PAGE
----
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It was telling that I didn't see any neo-hipster hippies in the audience at Ben Harper's set, which I had to wade through a couple of times due to a miscommunication with some friends I was trying to meet. There weren't even as many as I'd expected watching Animal Collective, who are shaping up to be the 2Ks' Grateful Dead and are thus among the leading repopularizers of tie-dye—they were playing across the park from Harper, the 2Ks' Bruce Cockburn.
A lot of them had bailed on AnCo for Diplo at the Perry's stage, which I don't blame them for at all. AnCo's jams were too flimsy to cut through the muggy air, while Diplo was slaying with a giddy rave set, his kuduro and baile funk cuts shelved for the time being in favor of more accessible beats.
Any questions as to whether or not rave is back should've been put to rest by this weekend's goings-on at Perry's, Diplo's set in particular. Within a couple of minutes of getting over there, I saw several dudes in pulled-down-low visors, a guy in a Mad Hatter hat, a handful of people in goggles, and (neatly summing up the neohippie-rave crossover) a long-haired, shirtless guy wearing a pacifier on a necklace made of carved wooden beads.
It wasn't just the clothes and Diplo's house-heavy set that made Perry's feel like 1997 again. The whole area was crackling with ecstatic energy—not necessarily pill-induced either, though let's just say I saw a lot of pacifiers. It was the same kind of we're-all-in-this-together party vibe that justified rave's many, many downsides.
That feeling actually ended up providing me with one of the most amazing experiences I've ever had at a concert. I was wandering through the Perry's crowd, just kind of people watching, when I ran across an unexpected mosh pit. Dozens of yards from the stage, in the middle of the mob gathered for Diplo, there were maybe eight guys, all with buzz cuts and mostly shirtless, slamming into each other with much gusto. I barely got done thinking "This is kind of weird" before it got even weirder, turning suddenly into a straight-up fistfight.
It was a bad one. Out in the middle of the crowd there wasn't any security presence at all, and the brawl was far longer and more severe than the almost perfunctory fights that are immediately broken up in less-packed venues. These guys were serious. Faces were bloodied, elbows were deployed, and any guy who ended up on the ground was swarmed and kicked the shit out of. It was so chaotic I couldn't even tell who was on what side, or if there were sides at all. The reaction from all of us around the pit-gone-wrong went from startled to slightly amused to sickened as the fight went from the usual meathead idiocy to something really wrong.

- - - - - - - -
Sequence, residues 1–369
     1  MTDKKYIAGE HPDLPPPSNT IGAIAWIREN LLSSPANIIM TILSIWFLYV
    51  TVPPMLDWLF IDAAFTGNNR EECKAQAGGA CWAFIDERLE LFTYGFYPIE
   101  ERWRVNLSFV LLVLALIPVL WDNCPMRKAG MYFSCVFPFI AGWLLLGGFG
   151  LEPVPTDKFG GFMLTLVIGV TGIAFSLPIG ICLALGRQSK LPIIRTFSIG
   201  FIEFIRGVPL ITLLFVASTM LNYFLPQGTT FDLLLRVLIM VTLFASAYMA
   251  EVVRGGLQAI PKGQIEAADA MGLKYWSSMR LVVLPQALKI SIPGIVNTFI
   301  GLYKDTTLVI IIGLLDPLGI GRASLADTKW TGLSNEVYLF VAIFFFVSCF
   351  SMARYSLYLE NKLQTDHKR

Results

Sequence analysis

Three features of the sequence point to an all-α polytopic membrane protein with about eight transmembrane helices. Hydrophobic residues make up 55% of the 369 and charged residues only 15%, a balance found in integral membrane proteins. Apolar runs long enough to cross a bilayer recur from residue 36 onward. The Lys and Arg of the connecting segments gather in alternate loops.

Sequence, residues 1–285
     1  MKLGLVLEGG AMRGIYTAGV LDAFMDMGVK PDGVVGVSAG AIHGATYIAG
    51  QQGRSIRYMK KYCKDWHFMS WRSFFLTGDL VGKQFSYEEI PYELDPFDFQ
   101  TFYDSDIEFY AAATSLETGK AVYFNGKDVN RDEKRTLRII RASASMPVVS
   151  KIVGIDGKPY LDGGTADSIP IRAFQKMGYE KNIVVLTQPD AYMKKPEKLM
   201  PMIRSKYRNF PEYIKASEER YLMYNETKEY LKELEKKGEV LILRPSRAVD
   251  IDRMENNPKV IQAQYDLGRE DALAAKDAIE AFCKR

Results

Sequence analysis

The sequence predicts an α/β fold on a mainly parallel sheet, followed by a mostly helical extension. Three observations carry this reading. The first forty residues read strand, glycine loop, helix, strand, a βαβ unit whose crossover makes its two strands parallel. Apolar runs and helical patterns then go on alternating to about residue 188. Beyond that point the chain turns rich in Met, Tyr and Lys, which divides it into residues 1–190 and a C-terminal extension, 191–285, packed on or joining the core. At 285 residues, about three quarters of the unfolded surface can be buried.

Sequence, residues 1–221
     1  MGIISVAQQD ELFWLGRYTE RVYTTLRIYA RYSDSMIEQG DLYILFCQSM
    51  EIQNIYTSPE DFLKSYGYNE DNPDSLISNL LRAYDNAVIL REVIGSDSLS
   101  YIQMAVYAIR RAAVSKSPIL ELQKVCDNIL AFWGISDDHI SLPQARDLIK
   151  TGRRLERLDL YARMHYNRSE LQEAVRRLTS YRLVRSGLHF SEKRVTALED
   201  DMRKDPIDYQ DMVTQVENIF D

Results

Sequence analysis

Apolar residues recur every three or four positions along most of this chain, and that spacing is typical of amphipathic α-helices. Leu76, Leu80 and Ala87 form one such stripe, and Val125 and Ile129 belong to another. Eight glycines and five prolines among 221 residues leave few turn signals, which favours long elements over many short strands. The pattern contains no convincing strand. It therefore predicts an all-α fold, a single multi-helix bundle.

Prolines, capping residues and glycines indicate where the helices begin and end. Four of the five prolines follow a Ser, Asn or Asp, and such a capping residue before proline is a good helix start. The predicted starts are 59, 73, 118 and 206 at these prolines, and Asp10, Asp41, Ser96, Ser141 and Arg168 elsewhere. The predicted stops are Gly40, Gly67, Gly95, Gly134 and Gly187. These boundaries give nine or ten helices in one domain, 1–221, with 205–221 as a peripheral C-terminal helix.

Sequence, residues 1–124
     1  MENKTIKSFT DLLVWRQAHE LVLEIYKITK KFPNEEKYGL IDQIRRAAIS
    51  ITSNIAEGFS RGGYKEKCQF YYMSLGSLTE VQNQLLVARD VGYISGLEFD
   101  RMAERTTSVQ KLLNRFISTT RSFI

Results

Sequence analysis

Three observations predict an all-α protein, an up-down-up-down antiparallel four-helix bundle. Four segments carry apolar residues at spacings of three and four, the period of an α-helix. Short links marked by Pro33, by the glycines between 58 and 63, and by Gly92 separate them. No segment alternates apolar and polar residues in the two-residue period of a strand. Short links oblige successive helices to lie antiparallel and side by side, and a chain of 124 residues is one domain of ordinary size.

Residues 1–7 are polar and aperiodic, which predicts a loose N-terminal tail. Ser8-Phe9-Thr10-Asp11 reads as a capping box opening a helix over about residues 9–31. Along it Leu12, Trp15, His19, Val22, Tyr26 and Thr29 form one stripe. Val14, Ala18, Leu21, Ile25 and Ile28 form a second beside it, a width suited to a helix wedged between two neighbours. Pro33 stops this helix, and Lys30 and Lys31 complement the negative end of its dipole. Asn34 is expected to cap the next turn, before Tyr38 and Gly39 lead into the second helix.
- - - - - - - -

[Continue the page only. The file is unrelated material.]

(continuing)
The scrawny young hippie-ish raver guys standing around the pit could have just taken off. The crowd was dense, but it would've been possible—though it probably would've panicked a bunch of people and made the situation worse, and of course it wouldn't have addressed the fact that it looked like someone was going to end up seriously injured. Things passed some critical point and a bunch of them jumped into the brawl. They started dancing as hard as they could—and it worked.
After a couple of seconds there were so many dancers surrounding the fighters that they couldn't see one another. They apparently decided that beating up all these dancers to get to their targets—no matter how easy it probably would've been—was too much effort. One buzz cut chased another out into the crowd, but otherwise the fight just evaporated.
"Peace, Love, Unity, and Respect" was the big motto for ravers back in the day. It was supposed to sum up everything that raving was about, and even though it was more often a wish list rather than a description of what was actually happening, it still occasionally felt like something real. But it's never felt realer to me than when I saw those kids take control of a bad situation and defuse it with nothing but positive vibes.